Valentina Lisitsa © Gilbert Francois

Valentina Lisitsa in Paris

I was agog in anticipation. Playing to a capacity audience on April 8 at the Theatre de Champs-Élysées, Paris, I had the unique experience of listening to the much-touted Lisitsa play live for the first time. Her reputation has consistently preceded her wherever in the world she plays. She is a self-made pianist. Born in Kiev, she started playing piano at age 3. Her mother, a seamstress, first encouraged her to be a piano teacher. After preliminary studies at the conservatory in Kiev she and her husband Alexsey Kuznetzoff won a two piano competition and immigrated to the US.

She launched her YouTube channel in 2007 and the rest as they say is history. She is probably the only world-class artist whose early career was documented in social media. Her husband recorded her playing the complete Chopin etudes and uploaded the video file to YouTube. They then booked the 6000 seater Royal Albert Hall in the Kensington area of London for a solo recital in June 2012. This was  unprecedented as the only solo pianist ever to have played there alone in the past was the already world-famous Evgeny Kissin and she was a nobody known only to her online fans. Her programme then consisted of the “Moonlight” sonata and several encore-type pieces all suggested and selected by her online following. The concert was a sell-out and hugely successful. This led to Decca signing her to an exclusive contract and acquiring the rights to issue her recording of the Chopin etudes on CD. They also issued the Albert Hall concert on CD as well as DVD. 

Around the same time the couple hired the London Symphony Orchestra to record all four piano concertos by Sergei Rachmaninov. The rights to these were also acquired by Decca. She has then been typecast as a Rachmaninov specialtist recording all his piano music. The programme in Paris is testimony to the fact that she is primarily a virtuoso. I have not seen as many fire-eating tricks in one evening before or since. And this is not necessarily complimentary of the overall playing.

The evening began with Ravel’s monumental tryptych “Gaspard de la nuit”. These three contrasting pieces should sound magical in the best hands. Technically her playing was faultless. While the first movement (Ondine) was suitably shimmering, it lacked architectural structure with the climax less than perfectly judged. The haunting second movement (Le Gibet) was stealthy and eerie evoking the hanging dead carcasses with stark beauty. The crashing dissonant chords and repeated notes in Scarbo, a goblin or spirit as finale brought forth a tumultuous end. Very much, the sum of its parts, the whole was extraordinary yet strangely lacking.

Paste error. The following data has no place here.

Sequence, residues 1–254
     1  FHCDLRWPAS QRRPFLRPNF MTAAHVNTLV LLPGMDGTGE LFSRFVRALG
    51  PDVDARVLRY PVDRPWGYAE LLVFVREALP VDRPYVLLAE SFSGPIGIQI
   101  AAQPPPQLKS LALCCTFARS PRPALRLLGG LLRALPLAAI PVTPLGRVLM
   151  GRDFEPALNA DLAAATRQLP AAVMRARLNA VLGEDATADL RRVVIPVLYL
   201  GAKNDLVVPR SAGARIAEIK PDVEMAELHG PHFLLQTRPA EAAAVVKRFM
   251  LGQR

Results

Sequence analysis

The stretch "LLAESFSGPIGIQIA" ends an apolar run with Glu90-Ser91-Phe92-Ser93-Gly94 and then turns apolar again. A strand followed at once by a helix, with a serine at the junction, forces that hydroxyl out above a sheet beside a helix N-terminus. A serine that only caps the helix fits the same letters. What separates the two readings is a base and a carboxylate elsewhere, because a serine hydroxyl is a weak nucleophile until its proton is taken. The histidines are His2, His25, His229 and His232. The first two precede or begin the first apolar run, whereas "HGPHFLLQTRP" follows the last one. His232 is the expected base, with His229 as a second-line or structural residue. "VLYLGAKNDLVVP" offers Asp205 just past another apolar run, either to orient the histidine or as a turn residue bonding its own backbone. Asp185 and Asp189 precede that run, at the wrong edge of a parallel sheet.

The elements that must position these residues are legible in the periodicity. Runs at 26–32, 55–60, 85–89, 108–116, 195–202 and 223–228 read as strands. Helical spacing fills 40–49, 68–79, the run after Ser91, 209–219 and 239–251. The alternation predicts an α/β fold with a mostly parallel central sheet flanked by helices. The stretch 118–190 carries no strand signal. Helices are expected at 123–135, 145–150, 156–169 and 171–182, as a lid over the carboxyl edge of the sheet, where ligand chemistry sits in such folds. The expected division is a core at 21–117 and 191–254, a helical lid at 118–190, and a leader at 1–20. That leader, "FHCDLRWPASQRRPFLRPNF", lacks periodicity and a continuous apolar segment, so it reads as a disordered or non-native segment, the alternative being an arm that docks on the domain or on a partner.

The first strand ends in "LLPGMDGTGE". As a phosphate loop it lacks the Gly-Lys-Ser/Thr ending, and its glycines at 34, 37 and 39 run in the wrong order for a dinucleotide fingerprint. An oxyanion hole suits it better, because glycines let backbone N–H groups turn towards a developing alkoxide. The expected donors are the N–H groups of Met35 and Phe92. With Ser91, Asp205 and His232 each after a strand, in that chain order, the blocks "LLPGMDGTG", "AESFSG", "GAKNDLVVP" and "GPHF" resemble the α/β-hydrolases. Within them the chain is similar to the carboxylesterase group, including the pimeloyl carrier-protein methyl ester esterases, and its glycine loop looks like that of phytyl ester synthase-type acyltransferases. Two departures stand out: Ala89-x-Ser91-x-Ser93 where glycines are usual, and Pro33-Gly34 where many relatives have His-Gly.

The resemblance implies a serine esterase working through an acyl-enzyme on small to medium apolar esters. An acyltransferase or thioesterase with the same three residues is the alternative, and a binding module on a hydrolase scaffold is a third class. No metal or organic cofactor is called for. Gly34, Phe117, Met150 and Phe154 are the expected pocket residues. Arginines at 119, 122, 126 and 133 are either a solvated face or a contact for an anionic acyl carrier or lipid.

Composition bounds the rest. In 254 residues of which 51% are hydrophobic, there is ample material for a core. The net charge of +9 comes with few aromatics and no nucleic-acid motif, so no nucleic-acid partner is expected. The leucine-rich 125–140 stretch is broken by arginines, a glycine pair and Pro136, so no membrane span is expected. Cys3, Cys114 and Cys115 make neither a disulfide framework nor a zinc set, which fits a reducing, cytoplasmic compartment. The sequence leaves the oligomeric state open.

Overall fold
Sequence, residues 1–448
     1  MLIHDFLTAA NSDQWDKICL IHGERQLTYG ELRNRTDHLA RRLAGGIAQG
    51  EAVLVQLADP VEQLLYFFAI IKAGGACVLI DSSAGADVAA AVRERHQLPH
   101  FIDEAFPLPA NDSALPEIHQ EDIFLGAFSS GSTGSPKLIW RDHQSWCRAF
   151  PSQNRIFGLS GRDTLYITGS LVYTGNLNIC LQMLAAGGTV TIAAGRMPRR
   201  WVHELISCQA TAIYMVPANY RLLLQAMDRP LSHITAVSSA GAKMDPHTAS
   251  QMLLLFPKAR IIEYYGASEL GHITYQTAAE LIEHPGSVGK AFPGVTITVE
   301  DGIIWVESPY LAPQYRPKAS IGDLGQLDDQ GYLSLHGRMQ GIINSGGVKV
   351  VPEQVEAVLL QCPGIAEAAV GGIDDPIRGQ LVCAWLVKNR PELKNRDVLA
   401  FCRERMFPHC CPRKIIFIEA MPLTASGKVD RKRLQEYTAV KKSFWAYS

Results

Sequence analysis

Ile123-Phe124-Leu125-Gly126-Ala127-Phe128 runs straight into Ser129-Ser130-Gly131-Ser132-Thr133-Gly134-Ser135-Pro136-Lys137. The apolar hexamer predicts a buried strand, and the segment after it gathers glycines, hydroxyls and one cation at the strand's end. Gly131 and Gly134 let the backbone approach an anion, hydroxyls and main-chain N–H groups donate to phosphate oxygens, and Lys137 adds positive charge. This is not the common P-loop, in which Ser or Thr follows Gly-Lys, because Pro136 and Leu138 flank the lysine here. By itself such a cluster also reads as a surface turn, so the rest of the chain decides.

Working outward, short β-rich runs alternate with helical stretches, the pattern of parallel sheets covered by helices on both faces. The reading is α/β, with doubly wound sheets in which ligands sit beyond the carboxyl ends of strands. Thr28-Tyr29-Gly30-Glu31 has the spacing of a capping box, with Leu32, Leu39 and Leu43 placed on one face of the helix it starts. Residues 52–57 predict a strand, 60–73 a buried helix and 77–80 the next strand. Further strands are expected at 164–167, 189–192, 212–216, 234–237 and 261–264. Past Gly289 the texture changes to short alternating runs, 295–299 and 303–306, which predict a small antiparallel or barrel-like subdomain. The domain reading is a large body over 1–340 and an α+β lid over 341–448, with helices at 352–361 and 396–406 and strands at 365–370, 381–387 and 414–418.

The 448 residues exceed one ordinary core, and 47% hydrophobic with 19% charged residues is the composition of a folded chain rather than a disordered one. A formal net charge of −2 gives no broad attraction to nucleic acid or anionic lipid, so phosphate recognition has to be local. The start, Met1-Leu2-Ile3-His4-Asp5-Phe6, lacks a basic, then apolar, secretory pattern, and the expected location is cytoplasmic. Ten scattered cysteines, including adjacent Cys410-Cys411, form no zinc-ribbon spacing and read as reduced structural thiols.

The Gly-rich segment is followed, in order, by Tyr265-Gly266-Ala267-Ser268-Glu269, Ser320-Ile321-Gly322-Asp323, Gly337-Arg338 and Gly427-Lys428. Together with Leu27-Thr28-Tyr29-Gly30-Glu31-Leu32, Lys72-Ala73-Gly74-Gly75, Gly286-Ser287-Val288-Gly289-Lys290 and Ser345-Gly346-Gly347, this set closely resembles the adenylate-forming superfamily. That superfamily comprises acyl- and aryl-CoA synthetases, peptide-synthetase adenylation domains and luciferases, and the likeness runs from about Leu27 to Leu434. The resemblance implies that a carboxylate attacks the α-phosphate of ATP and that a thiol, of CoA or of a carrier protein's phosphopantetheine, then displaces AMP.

The second piece before the interval was Rachmaninov’s cliff-hanger of a sonata, the second, most pianists would be content to end a programme with. She went on to deliver this in one huge sweep crashing chords and sweeping arpeggios, scales and melancholy sighs et al. She knows this work inside-out and her trademark attributes came to the fore in this admirably. I could say she played it as if in a trance (dare I say in her sleep?). At any rate she did cast some sort of a spell for the enraptured audience leapt forth in gushing applause. 

Regaling us in a change of outfit for the second half devoted to the music of Chopin. Here she comes up under stiffer competition. These days the Four Scherzos are part of the repertoire of any finalist of the myriad piano competitions worldwide. And do we not all have favourite versions of the set and individual ones? I found that, apart from efficiency and a certain predictability, there was muted pleasure except for the uninitiated. As is customary these days there was applause after each Scherzo rather than treating the work as a whole (for example as in the case of his Preludes). But then it is as much the fault of the audience which appeared to feed off its own delight while the pianist seemed to play on unmoved. 

Three more Chopin pieces followed as encores. First to come the Andante spianato and Grand Polonaise, suitably lyrical for the the Andante and magisterially rhythmic in its Polish dance. Then the Valse in D flat Op 64/1 (The Minute) and the Fantasie-Impromptu in C sharp minor. So all in all rather a mixed bag.